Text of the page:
Oh, this is hard, because it is a party that can never happen, as it would bring together the people who helped support the writing of this book over so many years—but they are scattered across three continents, and the man who would have taken the most joy in launching Accidentals into the world, my dear Stephan, died suddenly last year, a few months before TH offered a contract.


Why Torrey House?

My writing reflects my upbringing in California in the sixties and seventies with a sensibility for the open spaces and environmental concerns of the western USmakes THP a natural choice. I first became aware of the inbred differences between writers of the est and the east coast publishing establishment when I read the eulogies to Wallace Stegner in the nineties. The California literary press that published my first novel succumbed to the new financial realities of publishing and distribution shortly after Carbon Dreams was published, and I’m thrilled that THP has taken up the banner of western writing and is developing a sustainable model for independent press publishing. More so, now that I see the kind of attention and professional care my book is getting from the small staff at THP. I sincerely believe that the non-profit model of literary publishing that THP is developing and perfecting is the best option for preserving what is left of our literary culture!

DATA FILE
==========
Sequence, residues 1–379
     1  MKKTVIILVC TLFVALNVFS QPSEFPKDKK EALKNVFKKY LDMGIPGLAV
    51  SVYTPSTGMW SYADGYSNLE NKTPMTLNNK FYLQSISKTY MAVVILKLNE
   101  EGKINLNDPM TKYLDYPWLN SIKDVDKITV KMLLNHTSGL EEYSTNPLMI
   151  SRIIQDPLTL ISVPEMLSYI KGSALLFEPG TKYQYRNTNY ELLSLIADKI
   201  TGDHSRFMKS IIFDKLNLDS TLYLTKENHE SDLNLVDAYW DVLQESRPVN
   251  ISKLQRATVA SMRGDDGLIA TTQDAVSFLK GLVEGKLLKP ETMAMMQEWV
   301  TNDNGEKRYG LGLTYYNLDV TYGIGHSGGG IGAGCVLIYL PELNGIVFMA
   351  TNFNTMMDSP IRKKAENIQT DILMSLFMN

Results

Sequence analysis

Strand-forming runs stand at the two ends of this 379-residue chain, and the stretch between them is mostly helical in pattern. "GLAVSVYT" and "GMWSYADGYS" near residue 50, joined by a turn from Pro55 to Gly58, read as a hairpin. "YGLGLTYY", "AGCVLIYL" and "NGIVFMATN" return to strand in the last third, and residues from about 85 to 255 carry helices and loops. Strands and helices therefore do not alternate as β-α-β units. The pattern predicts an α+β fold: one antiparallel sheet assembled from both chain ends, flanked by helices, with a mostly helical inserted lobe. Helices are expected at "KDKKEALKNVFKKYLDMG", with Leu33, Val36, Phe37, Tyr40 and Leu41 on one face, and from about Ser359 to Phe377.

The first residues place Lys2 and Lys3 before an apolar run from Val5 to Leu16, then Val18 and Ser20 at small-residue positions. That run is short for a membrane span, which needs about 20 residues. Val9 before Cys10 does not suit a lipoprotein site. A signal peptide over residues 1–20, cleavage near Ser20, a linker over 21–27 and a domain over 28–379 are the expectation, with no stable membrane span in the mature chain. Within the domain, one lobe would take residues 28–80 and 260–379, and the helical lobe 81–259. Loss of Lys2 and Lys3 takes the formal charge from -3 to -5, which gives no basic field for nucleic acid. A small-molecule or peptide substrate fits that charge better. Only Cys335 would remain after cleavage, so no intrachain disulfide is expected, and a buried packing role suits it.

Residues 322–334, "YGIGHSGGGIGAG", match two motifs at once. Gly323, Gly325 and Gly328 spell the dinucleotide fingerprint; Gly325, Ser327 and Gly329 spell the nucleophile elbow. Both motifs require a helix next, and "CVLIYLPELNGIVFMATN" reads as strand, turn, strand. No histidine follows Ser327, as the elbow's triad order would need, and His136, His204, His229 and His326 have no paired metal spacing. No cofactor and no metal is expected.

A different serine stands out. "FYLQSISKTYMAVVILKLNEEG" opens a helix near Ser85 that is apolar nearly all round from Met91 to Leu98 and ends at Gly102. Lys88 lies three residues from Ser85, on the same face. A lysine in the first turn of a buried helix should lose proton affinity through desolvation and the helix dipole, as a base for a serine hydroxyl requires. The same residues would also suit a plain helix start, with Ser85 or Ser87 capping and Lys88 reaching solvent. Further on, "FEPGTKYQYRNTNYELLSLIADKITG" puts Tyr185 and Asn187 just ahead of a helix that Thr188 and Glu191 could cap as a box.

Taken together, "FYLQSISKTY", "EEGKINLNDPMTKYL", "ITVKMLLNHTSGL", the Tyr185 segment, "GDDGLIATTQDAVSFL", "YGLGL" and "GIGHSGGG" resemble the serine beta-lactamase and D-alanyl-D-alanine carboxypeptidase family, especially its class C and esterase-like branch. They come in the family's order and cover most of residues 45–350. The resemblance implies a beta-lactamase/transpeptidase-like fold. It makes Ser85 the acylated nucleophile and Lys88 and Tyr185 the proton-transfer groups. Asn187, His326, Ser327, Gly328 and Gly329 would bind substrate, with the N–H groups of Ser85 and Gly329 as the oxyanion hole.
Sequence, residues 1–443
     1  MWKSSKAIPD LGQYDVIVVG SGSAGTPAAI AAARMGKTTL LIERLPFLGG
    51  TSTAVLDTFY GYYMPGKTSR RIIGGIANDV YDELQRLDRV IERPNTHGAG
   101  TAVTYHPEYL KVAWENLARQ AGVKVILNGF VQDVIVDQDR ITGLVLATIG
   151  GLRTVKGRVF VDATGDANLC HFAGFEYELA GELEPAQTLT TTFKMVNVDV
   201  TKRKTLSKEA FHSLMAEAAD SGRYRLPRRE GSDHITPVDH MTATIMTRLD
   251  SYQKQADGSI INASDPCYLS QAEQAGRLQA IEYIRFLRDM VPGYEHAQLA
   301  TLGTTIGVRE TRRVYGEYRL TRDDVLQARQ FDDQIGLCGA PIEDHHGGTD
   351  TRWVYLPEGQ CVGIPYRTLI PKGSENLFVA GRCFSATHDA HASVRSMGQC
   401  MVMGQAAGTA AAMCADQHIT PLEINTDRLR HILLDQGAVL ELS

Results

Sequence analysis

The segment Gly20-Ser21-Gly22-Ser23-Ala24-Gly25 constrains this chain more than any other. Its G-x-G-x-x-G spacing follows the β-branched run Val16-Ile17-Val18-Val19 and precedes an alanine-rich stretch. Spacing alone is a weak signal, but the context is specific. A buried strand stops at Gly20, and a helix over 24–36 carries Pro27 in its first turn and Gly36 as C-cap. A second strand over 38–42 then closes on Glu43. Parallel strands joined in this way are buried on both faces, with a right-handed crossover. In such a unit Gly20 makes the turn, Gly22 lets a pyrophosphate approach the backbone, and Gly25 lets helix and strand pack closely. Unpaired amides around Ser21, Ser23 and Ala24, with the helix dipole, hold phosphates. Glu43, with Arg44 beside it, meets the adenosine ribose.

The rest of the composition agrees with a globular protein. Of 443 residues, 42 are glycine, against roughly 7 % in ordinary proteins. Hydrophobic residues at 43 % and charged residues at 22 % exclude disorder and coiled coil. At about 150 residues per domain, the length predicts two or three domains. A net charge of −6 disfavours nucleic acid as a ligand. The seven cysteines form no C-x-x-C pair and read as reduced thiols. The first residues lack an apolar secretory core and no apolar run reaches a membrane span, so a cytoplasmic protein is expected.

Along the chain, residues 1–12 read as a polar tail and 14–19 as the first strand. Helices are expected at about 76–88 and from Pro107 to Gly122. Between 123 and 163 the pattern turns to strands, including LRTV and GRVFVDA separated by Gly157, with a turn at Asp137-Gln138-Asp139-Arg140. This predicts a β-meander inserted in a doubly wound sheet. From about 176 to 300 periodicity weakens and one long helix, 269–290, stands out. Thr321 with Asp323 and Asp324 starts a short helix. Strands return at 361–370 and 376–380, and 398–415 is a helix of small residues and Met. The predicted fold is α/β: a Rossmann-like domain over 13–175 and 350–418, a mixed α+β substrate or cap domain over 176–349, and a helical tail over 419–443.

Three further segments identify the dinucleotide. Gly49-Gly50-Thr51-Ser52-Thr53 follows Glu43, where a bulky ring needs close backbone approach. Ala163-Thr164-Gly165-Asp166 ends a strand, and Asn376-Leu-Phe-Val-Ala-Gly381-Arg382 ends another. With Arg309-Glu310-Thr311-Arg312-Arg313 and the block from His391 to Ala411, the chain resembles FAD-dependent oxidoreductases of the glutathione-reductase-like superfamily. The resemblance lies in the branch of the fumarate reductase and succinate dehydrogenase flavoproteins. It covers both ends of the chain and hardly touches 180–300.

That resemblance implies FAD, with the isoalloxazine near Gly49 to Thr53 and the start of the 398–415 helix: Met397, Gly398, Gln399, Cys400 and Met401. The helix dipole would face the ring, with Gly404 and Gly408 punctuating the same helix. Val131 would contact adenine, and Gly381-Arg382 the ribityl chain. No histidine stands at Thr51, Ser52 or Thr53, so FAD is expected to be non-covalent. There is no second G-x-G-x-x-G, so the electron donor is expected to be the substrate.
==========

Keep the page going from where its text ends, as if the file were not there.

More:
Help bring Accidentals by Susan M. Gaines to the page.




SUSAN M. GAINES is known for melding science and natural history into literary fiction. Her 2001 novel Carbon Dreams was an early contribution to the genres now variously known as cli-fi, eco-fiction, and lab-lit or science in fiction. Her novel Accidentals takes on both environmental and political themes, and her non-fiction book Echoes of Life combines literary prose and narrative in a scientific account of discoveries in the earth sciences. Raised in California, Gaines has spent much of her adult life in South America, where Accidentals is set, and in Europe, where she is a founding director of the Fiction Meets Science program at the University of Bremen.